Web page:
Significant shortening of leukocyte telomere length in Korean patients with bipolar disorder 1
Eun-Jeong Joo 1, 2, Yong Min Ahn 3, 4, 5, Mira Park 6, Soon Ae Kim 7*
1Department of Neuropsychiatry, School of Medicine, Eulji University, Daejeon, Korea , 2Department of Psychiatry, Nowon Eulji Meical Center, Eulji University, Seoul, Korea, 3Department of Neuropsychiatry, Seoul National University Hospital, Seoul, Korea, 4Department of Psychiatry and Behavioral Science, Seoul National University College of Medicine, Seoul, Korea, 5Institute of Human and Behavioral Medicine, Seoul National University College of Medicine, Seoul, Korea, 6Department of Preventive Medicine, School of Medicine, Eulji University, Daejeon, Republic of Korea, 7Department of pharmacology, School of Medicine, Eulji University, Daejeon, Korea
Received: July 31, 2020; Revised: November 23, 2020; Accepted: November 27, 2020; Published online: November 27, 2020.
© The Korean College of Neuropsychopharmacology. All rights reserved.

Abstract
Objectives: Telomere shortening has been seen in major psychiatric disorders, including major depressive disorder. However, only a few small studies have examined this in bipolar disorder (BD). We compared the telomere length in patients with BD1 or BD2 with that in matched healthy controls.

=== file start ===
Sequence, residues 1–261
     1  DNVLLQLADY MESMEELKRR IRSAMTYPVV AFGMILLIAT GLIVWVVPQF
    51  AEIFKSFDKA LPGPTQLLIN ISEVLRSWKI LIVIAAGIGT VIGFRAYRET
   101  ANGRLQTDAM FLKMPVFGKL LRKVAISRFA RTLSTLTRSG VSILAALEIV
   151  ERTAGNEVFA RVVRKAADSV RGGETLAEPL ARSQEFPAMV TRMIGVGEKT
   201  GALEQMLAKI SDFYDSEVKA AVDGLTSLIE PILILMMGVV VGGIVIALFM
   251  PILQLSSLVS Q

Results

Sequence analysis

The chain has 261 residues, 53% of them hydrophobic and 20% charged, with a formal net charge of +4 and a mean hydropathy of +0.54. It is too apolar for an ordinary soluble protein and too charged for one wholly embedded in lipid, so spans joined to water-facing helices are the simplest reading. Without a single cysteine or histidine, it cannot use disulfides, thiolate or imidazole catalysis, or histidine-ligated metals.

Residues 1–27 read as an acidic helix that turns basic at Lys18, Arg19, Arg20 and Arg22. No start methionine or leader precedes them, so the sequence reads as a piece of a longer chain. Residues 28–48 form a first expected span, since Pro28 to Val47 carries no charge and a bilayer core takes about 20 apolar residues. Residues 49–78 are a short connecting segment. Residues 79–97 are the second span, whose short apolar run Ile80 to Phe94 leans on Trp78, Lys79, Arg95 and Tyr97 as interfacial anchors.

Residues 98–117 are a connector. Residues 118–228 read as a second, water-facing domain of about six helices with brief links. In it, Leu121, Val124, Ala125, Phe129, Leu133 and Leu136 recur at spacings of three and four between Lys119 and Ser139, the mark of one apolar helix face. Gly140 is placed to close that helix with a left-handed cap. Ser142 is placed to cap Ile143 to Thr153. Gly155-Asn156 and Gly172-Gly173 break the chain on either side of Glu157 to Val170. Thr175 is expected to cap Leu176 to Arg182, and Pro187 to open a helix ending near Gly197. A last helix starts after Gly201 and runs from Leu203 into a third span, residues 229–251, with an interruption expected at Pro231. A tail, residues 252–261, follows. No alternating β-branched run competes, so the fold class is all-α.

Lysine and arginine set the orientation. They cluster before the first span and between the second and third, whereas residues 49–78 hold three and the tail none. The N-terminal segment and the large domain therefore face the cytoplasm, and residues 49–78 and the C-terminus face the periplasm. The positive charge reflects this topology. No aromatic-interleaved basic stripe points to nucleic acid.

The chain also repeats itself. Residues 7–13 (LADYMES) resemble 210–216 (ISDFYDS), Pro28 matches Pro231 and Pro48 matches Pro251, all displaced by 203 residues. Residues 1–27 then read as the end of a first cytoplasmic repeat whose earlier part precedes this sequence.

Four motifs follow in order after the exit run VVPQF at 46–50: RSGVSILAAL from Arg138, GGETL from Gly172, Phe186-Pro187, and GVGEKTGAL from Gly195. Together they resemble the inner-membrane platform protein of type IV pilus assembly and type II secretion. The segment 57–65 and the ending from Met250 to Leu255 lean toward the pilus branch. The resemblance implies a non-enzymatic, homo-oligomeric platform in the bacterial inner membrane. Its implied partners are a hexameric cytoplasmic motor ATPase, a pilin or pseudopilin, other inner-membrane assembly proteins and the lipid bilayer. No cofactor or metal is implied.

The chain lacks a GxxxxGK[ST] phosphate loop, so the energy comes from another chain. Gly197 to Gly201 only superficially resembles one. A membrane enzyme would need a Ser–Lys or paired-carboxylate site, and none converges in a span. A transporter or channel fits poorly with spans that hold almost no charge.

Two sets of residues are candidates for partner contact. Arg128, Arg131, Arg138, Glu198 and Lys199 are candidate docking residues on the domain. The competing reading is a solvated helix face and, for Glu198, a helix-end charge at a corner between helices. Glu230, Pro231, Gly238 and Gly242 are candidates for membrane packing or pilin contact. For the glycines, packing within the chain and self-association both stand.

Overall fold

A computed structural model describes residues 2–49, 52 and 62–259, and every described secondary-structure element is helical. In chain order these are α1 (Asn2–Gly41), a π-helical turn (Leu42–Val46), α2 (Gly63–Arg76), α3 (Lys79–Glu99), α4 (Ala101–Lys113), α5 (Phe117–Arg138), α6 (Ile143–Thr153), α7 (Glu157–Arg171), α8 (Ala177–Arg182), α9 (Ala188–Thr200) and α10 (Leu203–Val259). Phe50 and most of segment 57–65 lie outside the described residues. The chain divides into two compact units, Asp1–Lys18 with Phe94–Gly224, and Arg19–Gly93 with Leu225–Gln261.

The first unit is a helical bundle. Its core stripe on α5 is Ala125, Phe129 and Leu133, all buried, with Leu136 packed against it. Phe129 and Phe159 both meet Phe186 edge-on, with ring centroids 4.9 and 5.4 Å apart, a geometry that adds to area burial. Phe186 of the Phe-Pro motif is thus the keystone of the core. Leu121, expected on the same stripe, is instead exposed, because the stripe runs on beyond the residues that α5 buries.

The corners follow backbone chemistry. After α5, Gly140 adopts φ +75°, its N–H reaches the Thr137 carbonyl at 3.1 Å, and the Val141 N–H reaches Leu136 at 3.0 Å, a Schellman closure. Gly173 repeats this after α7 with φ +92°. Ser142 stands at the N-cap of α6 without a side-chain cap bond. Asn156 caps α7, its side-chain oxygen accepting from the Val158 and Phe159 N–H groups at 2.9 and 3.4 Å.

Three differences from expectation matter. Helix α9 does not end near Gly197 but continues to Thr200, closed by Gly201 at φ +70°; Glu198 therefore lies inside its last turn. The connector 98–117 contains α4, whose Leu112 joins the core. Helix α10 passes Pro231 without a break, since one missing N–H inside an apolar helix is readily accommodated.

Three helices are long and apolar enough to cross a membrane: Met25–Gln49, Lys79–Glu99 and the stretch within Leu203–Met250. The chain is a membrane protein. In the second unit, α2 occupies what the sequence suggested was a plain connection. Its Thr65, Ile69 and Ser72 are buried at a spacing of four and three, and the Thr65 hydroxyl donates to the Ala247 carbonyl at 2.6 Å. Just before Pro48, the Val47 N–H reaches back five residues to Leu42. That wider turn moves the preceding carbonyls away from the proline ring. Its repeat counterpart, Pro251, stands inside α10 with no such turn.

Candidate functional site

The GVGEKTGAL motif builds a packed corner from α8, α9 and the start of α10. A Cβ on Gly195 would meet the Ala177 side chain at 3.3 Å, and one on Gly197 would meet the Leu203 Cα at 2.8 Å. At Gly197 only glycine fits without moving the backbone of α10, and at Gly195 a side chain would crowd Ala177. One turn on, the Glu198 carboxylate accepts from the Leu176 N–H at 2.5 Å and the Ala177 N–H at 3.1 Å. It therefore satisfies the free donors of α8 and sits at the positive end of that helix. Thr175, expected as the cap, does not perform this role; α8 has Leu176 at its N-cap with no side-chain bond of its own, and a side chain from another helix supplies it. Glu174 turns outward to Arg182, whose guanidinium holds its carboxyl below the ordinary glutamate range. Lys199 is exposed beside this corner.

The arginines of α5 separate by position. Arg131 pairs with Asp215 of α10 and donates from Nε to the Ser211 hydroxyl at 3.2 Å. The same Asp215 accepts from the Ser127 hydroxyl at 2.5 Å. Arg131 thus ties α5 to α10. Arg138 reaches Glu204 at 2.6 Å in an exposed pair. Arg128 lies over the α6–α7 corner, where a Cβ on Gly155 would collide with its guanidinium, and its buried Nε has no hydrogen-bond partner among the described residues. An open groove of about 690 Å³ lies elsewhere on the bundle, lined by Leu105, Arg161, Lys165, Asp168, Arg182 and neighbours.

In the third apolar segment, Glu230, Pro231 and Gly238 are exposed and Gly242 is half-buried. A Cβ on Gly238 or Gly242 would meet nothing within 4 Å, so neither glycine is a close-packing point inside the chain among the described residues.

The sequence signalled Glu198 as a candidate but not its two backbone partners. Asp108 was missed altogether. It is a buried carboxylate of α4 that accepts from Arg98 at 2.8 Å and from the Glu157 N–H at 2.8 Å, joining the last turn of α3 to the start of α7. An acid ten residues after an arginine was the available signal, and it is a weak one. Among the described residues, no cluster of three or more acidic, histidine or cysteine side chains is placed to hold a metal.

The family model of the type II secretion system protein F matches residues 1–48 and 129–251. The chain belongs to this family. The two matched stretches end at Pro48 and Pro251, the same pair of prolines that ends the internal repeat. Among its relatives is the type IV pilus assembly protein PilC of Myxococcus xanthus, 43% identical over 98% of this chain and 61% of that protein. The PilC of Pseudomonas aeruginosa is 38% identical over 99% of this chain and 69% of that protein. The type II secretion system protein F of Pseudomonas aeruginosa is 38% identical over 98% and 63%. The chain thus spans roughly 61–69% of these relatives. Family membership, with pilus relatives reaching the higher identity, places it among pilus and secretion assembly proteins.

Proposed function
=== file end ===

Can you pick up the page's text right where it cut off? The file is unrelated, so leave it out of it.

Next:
Methods: We included 215 patients with BD (128 BD1, 87 BD2) and 204 age- and sex-matched healthy controls. Relative telomere length was determined by quantitative PCR. The patients and controls were compared separately for age groups, sex, and BD subgroups (BD1 and BD2).
Results: We found significant telomere shortening in patients with BD1 (p < 0.001), but not in patients with BD2. In male patients with BD1, the 30-39 year age group had significant shortening of telomere length than controls (p=0.01). Female patients with BD1 in the 19–29-year age group had significantly shortened telomeres compared to the controls (p < 0.01).
Conclusions: Our results suggest a significant reduction in telomere length in BD1. Telomere shortening would be a potential biomarker for BD.
Keywords: bipolar disorder, telomere, Korean, female


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